Every time I came across a rejection from a requested full, I got a sinking feeling as I read through the comments. The thing is? 98% of those comments were absolutely right. The manuscript was not quite there.  Storylines weren't connected. The writing was choppy at times.  I got one of the nicest, most helpful rejection letters ever from a rockstar agent, and after compiling the other rejections and discussing it with my CPs, I knew, in my gut, that this version of TeaNovel was not true.

So I started thinking. And brainstorming.

Meanwhile, in the summer of 2014, I went to a Writer's Digest conference. I signed up for the Pitch Slam, this event in which writers go around a ballroom to give 90-second pitches to agents and said agents possess the crazy stamina to basically sit through a 3-hour pitch session with maybe like 3 bathroom breaks. Jess was the first agent I pitched to--I had always kept her in my periphery for my query list, because she happened to represent one of my favorite MG authors of all time* along with a ton of super cool YA, but I'd always held off from querying her, because I wasn't sure if my novel was too quiet for her tastes.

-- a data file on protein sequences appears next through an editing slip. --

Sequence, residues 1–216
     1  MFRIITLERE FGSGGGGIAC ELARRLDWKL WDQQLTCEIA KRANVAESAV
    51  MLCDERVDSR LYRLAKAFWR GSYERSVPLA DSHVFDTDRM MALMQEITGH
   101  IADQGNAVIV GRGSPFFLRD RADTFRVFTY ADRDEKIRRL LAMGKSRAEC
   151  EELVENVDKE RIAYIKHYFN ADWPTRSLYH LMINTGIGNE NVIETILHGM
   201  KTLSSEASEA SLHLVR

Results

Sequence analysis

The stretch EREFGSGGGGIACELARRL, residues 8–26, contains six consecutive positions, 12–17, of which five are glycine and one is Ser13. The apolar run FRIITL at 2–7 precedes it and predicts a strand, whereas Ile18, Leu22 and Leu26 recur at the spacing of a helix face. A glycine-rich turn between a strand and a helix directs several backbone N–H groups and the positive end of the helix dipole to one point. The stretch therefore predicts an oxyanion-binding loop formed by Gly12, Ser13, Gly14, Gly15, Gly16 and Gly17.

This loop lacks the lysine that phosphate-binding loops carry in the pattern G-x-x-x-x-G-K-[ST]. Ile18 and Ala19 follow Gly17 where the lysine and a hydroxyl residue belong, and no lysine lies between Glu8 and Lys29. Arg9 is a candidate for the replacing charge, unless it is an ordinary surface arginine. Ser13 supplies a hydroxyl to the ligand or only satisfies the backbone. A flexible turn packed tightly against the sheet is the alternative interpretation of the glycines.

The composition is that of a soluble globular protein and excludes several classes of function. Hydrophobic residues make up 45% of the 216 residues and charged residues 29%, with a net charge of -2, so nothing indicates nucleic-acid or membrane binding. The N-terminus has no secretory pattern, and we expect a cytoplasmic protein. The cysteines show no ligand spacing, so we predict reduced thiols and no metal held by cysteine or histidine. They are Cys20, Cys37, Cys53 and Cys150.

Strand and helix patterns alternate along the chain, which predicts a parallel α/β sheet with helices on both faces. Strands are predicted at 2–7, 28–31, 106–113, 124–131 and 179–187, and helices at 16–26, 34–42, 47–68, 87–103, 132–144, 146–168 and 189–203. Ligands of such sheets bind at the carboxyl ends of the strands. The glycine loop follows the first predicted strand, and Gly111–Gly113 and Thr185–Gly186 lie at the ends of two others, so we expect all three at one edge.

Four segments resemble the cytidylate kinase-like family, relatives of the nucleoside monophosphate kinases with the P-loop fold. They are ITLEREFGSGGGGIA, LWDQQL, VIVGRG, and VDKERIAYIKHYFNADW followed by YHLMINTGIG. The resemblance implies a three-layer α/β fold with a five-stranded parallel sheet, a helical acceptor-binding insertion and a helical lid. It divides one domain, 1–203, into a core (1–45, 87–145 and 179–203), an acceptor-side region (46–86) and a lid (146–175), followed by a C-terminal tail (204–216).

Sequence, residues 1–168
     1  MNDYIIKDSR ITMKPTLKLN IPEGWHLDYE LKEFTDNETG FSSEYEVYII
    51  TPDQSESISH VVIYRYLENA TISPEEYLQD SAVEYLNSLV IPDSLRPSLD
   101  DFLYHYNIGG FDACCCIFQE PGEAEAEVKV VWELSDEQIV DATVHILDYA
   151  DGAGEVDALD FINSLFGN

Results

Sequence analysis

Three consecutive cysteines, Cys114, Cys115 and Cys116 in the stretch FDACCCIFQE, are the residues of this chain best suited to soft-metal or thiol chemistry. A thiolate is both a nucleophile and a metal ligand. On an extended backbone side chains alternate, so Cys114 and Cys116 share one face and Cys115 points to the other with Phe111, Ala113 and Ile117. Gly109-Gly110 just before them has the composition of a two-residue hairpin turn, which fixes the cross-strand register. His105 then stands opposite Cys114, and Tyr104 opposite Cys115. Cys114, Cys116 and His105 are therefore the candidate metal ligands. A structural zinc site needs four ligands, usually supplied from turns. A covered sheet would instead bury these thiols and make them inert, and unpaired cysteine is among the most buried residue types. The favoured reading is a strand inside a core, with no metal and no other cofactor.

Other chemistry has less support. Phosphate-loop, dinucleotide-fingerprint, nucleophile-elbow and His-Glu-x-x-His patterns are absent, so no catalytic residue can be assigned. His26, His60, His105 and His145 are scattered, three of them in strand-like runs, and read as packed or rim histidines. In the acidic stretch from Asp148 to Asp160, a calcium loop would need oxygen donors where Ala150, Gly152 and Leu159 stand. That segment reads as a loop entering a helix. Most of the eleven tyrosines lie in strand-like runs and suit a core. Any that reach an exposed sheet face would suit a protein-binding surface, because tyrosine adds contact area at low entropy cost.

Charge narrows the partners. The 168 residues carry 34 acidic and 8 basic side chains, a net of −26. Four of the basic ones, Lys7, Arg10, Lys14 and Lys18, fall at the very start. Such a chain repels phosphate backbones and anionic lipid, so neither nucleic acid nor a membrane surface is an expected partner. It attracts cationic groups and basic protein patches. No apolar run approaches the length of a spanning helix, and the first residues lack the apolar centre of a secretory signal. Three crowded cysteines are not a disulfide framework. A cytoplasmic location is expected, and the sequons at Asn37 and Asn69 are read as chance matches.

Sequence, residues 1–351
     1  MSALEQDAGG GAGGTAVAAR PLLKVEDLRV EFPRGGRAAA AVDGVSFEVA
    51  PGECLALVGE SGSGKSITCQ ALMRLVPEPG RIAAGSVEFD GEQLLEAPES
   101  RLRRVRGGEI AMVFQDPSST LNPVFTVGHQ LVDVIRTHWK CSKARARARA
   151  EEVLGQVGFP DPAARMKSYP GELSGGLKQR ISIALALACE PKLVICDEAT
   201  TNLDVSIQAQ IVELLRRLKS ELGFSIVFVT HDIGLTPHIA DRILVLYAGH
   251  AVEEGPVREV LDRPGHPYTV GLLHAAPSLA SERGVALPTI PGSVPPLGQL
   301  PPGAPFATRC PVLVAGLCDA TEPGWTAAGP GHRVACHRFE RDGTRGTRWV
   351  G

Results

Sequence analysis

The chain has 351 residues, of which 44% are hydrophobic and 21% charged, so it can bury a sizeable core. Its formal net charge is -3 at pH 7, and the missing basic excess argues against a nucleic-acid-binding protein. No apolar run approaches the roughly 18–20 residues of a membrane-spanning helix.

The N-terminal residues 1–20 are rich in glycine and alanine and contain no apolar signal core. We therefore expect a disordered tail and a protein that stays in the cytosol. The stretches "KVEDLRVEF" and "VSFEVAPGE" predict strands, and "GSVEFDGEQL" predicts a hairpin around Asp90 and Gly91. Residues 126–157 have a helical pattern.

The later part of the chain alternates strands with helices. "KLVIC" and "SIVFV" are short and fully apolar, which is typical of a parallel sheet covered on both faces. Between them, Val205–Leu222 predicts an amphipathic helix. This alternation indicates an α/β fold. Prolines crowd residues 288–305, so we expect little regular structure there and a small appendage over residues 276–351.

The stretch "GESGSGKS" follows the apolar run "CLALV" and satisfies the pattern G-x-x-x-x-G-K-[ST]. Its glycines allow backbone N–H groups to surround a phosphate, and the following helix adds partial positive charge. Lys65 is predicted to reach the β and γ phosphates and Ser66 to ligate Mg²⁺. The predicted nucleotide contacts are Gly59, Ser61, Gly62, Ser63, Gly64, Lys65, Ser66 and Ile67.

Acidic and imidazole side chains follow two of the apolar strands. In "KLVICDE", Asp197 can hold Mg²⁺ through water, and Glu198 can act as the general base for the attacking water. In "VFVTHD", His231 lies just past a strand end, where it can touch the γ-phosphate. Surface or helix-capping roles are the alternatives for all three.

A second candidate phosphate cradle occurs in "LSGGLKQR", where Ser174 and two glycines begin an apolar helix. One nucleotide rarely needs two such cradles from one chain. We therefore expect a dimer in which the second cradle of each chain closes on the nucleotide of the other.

Somehow at the conference, I'd screwed up the courage to approach her with my pitch. I was terrified. Maybe I stammered. Somehow, I still was able to speak English. Jess asked a few questions about the setting, and then asked for the full manuscript.


At which point I thought, no way am I sending a half-assed manuscript, and then I was like, "Um...I'm kind of revising it?"

She was super gracious and requested to see it when I was done with revisions. And then let's just say I burrowed into a hole and didn't know how to think for a few months. Or something like that.

I started  my final revision of TeaNovel in January 2015. I kept the backbone of the plot and the characters, but I ripped out each scene and rewrote it until it was exactly the way I wanted it to be. I sketched out character arcs and strengthened relationships. I asked myself questions of why and how each character would fight for everything to get what he or she truly wanted, and wrote the answers between the lines of my MS. I rewrote a world that I loved. I listened to Lana del Rey on repeat and my friends probably secretly judged my Spotify playlists.